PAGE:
Whither the Times magazine?

MediaWeek, under its new boss, Michael Wolff, asked a bunch of us what we’d advise the New York Times Magazines’ new boss to do. Here was my full answer:

Their Q: The New York Times Magazine has a new editor, Hugo Lindgren. If you could make one suggestion for how he could improve the Times Magazine what would it be?

My A: Ask me whether I care. I don’t pick up the magazine. I do read stories out of it when I see links and discussion. The magazine — like the newspaper — is unbundled. Or to pick another metaphor: its content is atomized, and then some of the free atoms find their way into new molecules not through editors’ packaging but through readers’ recommendations.

Other real (read: standalone) magazines at least have some worldview and community of shared interest gathered around them. The Times Magazine has a weaker identity and weaker ties; it’s not a magazine so much as a slick paper on which to print more Times stories.

So why have a magazine? Slick advertising. So I’d put the reporting where it belongs — in the paper — and let the fluffy speciality magazines with good endemic ad categories — fashion, travel, home — take over.

Or here’s another idea: Turn the magazine into a curation of great content of the week from the web. Become a molecule-maker.

  • That’s a great answer. Too bad it was edited down to a nasty sound bite.

    • It wasn’t even nasty. I still said I wanted the reporting preserved. I just don’t see the need, personally, for the magazine as a magazine.

      • The Truth

        “It wasn’t even nasty” and “Ask me whether I care” kind of contradict each other don’t they? I think most would call your response nasty even if you want to preserve the reporting.

        • I don’t speak PC. It’s a foreign language.

    • Andy Freeman

      Everyone wants reporting. It’s journalists who are in trouble, and deservedly so.

      • Stan Hogan

        Why deservedly so, Andy? That sounds rather “nasty.” What has happened to the business models of newspapers that has resulted in fewer real journalists being employed isn’t really the fault of journalists.

        That said, at least the condensed version of Jeff’s response made some sense and did so without the bitter “dance on their graves” tone.

  • Tim Scoutelas

    Love the candor Jeff. Keep it up!

  • Eric Gauvin

    It appears your issue is with the edited version vs. the full version above. Are you trying to say you’ve been misquoted? It does seem strange that a journalism professor injects so much emotion into clarifying his point of view.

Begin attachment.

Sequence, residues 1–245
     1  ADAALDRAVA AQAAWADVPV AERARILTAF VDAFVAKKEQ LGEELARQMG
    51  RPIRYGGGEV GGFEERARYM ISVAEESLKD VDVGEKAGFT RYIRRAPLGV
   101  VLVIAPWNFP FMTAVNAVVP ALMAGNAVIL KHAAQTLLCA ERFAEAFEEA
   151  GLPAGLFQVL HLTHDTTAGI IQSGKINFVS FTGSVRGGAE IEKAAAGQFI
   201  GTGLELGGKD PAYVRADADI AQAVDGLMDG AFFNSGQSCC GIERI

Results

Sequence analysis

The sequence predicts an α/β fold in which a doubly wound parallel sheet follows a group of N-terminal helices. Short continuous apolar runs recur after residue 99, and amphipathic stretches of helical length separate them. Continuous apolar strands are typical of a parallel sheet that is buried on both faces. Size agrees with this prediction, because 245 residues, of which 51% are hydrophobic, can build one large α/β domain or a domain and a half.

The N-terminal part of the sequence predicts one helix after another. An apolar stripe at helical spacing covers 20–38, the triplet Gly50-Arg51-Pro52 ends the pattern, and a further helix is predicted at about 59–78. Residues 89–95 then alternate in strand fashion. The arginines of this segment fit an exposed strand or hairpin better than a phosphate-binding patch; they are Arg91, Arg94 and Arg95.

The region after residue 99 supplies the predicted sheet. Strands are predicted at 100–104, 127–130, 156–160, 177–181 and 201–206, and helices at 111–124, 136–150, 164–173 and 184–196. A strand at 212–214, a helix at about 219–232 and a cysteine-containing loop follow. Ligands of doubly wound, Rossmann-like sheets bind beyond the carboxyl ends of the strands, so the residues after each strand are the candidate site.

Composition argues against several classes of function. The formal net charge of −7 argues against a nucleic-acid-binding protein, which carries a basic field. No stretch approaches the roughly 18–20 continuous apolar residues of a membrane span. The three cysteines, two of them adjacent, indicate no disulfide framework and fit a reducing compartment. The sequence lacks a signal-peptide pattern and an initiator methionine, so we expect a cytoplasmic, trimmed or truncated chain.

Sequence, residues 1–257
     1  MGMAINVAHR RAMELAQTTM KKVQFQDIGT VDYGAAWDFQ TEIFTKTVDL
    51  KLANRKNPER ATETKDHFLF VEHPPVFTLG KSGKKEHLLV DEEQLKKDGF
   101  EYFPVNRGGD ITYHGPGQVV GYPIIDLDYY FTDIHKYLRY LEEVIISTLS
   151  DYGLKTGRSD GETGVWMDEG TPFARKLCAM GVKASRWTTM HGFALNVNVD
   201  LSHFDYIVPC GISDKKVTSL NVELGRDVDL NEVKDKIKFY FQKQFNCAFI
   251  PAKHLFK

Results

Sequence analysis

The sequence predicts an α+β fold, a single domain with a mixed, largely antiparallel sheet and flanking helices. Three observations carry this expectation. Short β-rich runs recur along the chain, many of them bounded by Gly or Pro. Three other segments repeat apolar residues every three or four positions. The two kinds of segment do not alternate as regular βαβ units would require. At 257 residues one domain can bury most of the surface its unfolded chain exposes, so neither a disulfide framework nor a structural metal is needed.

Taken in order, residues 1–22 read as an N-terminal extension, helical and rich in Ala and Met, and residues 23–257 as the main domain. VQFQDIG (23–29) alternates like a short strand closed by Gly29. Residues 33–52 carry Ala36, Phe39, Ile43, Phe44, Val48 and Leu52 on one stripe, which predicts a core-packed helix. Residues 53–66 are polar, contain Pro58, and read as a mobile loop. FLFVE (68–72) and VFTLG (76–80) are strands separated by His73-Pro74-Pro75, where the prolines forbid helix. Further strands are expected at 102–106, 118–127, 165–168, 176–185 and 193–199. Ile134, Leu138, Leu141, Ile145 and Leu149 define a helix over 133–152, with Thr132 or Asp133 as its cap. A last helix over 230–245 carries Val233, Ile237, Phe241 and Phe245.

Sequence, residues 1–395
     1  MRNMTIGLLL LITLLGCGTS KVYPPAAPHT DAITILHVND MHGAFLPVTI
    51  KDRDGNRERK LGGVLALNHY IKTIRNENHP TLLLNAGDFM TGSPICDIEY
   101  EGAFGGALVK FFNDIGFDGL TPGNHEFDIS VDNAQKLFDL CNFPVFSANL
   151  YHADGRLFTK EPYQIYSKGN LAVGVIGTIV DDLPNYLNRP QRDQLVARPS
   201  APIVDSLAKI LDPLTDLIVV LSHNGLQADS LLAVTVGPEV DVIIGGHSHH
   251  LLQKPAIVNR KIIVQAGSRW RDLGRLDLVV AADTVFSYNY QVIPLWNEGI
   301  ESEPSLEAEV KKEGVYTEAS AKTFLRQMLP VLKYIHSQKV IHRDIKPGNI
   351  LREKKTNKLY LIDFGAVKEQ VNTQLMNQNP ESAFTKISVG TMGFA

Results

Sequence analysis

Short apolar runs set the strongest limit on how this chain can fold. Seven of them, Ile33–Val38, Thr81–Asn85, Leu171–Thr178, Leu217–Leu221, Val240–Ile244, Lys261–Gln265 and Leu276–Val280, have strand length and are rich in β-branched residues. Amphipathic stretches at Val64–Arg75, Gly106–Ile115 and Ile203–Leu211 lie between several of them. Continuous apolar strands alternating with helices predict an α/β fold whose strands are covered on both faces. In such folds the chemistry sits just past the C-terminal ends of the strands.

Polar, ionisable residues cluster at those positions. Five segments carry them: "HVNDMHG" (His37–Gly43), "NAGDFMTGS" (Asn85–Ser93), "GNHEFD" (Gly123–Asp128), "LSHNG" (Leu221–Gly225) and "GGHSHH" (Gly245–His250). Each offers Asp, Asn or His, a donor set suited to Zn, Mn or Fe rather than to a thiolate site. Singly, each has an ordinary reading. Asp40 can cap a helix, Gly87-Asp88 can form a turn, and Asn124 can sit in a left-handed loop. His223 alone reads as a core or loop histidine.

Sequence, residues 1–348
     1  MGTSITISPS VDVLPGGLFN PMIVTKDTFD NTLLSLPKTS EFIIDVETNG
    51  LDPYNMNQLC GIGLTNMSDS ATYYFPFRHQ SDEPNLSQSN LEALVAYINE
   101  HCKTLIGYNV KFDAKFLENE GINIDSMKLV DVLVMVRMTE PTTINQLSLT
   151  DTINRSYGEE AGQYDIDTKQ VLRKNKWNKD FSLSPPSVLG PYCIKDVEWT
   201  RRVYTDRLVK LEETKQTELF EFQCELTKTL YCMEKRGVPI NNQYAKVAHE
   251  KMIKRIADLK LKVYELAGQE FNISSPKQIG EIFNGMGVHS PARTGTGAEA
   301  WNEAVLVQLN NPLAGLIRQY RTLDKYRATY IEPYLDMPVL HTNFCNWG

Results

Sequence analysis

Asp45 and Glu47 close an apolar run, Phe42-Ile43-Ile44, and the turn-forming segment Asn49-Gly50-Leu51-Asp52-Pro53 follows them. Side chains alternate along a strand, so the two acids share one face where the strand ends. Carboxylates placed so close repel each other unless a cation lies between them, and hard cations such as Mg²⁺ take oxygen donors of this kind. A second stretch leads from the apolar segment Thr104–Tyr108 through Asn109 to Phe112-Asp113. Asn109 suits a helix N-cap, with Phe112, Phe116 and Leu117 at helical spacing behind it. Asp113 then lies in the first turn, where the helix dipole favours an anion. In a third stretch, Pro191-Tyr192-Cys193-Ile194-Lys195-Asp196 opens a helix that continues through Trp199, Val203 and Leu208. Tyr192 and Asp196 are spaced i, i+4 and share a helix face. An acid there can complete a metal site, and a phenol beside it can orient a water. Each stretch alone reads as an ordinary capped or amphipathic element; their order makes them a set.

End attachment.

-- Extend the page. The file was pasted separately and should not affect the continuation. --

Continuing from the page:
BTW, why didn’t you provide a link to the edited version of your answer?

    Is this it?

    Ask me whether I care. I don’t pick up the magazine. I’d put the reporting where it belongs — in the paper — and let the fluffy specialty magazines with good endemic ad categories take over. Or, turn it into a curation of great content of the week from the Web.


  • I agree with you completely in terms of consumption behavior.

    However, does it make sense for existing publishers to become aggregators/curators? It seems they have a very tough time making that transition.

  • I read the New York Times Magazine, but the sections need to be changed up every once in a while. There’s always the linguistics column, there’s always a “Lives Column”, there is now a truly annoying food column about the writer cooking with his kid (who cares?), the same “consumer column”. It all stays exactly the same, year after year, with not much that’s new. I’d like to see them have their staff writers write features that don’t fit into these boxes. they are great writers — I am sure they’d like some creativity every once in a while?

  • Michael Hickins

    “I don’t speak PC.” Oh God, now you’re adding self-pleasuring to the mix of pontification and pedantry. Perhaps some “lazy journalist” will pick up on this and it will be repeated often enough and Jeff Jarvis will be known far and wide as the man who doesn’t speak PC.
    Truth is, the only practical experience Jeff Jarvis has had in real-world journalism resulted in abject failure. Jeff was the eminence grise behind Fairchild Internet (2001 attempt), which folded — folded!! — six months after launch, six months after failing to find a single paying customer in JJ’s ill-conceived “business model”.
    So it’s the ultimate irony for Jeff Jarvis to give advice to people struggling in their actual working lives to create a working model out of the current disruption. There really is a need for news; JJ may think he already knows everything, including the future, but some people still need news and analysis. How to package it is indeed the question, but only a fool would turn to JJ for answers.

    • I can see you have a good sense of “humor” and like “quote marks” a lot.
      Hate to burst your bubble, bub, but Fairchild wasn’t my doing. Got a little on me but I argued against what I’d say were the causes of failure.

      • Eric Gauvin

        your specialty seems to be arguing against things…

        • And yours is arguing against me.

          Except I’m not arguing against something here. I was asked for my suggestions. I gave them.

  • Mike D.

    Maybe see it as I see it, a cartoon for cartoonish mental . . .

  • Mike D.

    Maybe see it as I do – a cartoonish attempt to be relevant, and be done with it. Most people are . . .

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  • It was not even sad. I even said I wanted to alert has been preserved. I just do not see a need, personally, the magazine of the newspaper.